Wear pants, stop multitasking, and other video conference dos and don'ts 3
Since the lockdown, video conference tool Zoom has become a popular choice. Photograph from official website of Zoom

5. Do wear work-appropriate attire

You may be at home but don’t forget you’re working. Even if you don’t have a video conference scheduled, wear something professional anyway since your boss might suddenly do a video call and you’ll have to rush to grab a shirt and comb your hair. “Wear pants!" Sales warns. "You may need to get up during the call.”


6. Don’t be late

Get ready even before the meeting starts. As mentioned, make sure everything’s working properly and you’re dressed so that you’re professionally prepared when the call comes in. Ditto Mendoza, PR and digital manager for a telco, says that everyone should respect the schedule. “Just because you're home, it doesn't mean you can just chime in whenever you want, or that organizers can just let the conversation continue without any restrictions.”


7. Don’t position the camera too low

You don’t want your team to look up your nostrils and see your nose hair so frame your camera at eye level. A camera set too low makes for unflattering looks like double chins and a sinister scowl. Placing it too high, however, makes you look small. Too near and your face takes up the whole screen. Set it up so that your face and upper midsection are visible.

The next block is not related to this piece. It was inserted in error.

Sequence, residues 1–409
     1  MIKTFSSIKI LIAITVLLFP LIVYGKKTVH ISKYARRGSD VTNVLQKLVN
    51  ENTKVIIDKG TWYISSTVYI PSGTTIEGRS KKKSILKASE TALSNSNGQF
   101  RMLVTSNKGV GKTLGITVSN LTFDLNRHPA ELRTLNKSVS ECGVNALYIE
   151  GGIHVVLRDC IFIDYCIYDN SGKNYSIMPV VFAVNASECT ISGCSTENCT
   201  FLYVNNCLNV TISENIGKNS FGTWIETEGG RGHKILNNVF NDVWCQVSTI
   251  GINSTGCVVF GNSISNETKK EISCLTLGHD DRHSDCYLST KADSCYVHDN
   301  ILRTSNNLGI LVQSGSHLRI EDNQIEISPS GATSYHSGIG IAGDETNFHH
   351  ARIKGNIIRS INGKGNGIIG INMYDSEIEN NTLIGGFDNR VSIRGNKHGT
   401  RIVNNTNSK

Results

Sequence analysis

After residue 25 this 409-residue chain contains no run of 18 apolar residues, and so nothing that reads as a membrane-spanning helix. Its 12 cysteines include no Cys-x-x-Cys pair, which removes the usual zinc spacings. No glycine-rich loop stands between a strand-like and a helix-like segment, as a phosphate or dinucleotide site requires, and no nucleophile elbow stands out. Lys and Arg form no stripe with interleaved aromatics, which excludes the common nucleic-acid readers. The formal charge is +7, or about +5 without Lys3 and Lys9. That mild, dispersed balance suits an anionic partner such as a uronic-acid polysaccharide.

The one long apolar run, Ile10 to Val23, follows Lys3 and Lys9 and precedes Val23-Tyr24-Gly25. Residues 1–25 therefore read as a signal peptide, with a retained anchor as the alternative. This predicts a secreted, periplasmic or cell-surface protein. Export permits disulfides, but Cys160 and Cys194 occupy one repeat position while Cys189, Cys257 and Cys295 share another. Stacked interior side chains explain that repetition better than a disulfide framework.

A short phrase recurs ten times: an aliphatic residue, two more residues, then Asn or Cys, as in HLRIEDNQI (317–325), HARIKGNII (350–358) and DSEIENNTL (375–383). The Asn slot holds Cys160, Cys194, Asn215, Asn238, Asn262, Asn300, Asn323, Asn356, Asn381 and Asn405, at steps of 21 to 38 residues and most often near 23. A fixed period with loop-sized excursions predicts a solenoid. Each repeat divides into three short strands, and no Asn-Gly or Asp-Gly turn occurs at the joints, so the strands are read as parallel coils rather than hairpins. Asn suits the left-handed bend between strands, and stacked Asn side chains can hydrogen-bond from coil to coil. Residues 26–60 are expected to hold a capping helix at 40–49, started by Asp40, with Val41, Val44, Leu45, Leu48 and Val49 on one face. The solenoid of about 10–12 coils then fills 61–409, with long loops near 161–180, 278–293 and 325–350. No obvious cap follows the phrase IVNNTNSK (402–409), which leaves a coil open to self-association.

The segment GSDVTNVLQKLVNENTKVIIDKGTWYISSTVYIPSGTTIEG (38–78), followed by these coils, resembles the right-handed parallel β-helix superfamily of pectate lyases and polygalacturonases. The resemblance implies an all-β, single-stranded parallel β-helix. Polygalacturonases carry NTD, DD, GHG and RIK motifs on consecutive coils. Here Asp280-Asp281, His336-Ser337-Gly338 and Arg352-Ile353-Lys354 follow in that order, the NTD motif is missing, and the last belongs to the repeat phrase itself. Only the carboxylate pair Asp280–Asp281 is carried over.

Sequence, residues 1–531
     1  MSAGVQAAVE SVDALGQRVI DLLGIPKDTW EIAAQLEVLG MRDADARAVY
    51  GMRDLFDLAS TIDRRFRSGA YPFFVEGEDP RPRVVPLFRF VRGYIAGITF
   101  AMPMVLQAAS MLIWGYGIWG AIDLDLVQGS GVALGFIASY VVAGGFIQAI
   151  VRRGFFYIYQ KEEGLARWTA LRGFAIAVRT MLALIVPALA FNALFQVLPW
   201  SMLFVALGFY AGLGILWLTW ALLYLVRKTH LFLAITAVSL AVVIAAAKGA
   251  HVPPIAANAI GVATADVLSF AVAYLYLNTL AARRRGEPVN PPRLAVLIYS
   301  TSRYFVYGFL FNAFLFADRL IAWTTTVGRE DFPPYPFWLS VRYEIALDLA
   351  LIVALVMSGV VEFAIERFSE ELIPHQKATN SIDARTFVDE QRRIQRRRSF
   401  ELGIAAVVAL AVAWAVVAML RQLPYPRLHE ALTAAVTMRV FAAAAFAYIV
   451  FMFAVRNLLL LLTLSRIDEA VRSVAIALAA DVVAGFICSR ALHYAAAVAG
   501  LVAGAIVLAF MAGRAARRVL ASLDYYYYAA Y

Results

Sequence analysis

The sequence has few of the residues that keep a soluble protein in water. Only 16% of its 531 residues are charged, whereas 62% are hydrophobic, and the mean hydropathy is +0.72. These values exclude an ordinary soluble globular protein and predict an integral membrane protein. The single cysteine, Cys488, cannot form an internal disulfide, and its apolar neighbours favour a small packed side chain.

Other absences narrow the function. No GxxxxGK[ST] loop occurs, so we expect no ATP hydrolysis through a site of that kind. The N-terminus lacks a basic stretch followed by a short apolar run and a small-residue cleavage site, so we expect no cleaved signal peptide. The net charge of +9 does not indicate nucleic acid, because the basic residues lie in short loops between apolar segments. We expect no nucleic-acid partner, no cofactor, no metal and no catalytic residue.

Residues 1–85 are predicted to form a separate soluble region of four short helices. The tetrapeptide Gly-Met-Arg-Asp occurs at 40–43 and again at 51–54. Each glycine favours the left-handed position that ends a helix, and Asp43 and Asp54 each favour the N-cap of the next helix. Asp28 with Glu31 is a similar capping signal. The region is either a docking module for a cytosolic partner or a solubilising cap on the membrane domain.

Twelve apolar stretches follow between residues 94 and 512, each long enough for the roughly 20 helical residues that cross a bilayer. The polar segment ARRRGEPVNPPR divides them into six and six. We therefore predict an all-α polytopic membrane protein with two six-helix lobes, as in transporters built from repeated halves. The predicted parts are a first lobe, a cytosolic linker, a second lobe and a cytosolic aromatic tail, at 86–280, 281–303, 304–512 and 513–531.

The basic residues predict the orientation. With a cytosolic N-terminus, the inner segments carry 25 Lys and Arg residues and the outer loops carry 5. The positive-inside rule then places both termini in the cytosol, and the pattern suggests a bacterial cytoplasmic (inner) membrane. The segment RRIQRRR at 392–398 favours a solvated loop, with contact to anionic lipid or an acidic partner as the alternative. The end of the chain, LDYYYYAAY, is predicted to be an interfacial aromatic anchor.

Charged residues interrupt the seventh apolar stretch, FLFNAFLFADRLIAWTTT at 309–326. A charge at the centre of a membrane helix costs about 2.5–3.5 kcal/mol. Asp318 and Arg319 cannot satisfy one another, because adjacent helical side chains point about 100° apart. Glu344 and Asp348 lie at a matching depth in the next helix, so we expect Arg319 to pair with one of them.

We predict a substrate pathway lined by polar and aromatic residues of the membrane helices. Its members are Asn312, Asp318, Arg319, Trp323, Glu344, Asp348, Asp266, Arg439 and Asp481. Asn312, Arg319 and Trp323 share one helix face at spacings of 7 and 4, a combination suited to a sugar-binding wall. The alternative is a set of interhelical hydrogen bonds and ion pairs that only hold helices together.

8. Do look into the camera

It’s natural for us to look at ourselves when we’re speaking but it actually makes you look like you’re not engaged with the people you’re talking to. Look at the camera lens so that you’ll appear like you’re looking into the person's eyes.


9. Do mute your mic when not speaking

Most microphones can pick up background noise so even though you think you’re being quiet, your team can hear you typing. Other noise at home like sneezes, kids playing, or the vacuum can be distracting and even annoying.

To avoid this from happening, Nilo says that during the vidcon, "participants should mute their mic for the majority of the meeting, unless requested to speak.”

Panabi says, “I've attended meetings where there are 4 or 5 microphones on and the different sounds can really distract you." Nilo adds, “Participants should also consider turning off their video, if agreed upon, to minimize bandwidth requirements for those who have slower connections.”


10. Do be professional

Don’t let your home setup lull you into a casual mood. Mendoza says it’s okay to check on each other but don’t forget why you’re meeting in the first place. “Follow the agenda! Tackle things line by line but also allot some time for small talk and bonding,” he says.

You should also pay attention to the meeting. Your team may not see what you’re doing off camera but this is not the time to multitask. Stop checking emails or typing up your report! "Listen and be prepared. I can't stress this enough," Panabi says. Some people think that since they're not physically there they can fidget or do something else while someone is talking. As a matter of professional courtesy and to make the meeting truly productive, you need to give your full attention to the meeting. If you need to present something, make sure that you come fully prepared. It's a sign that you're a true professional in and out of the office.”

Share these 10 dos and don'ts for video conferencing with your colleagues so you can all avoid committing a major faux pas at the next big meeting.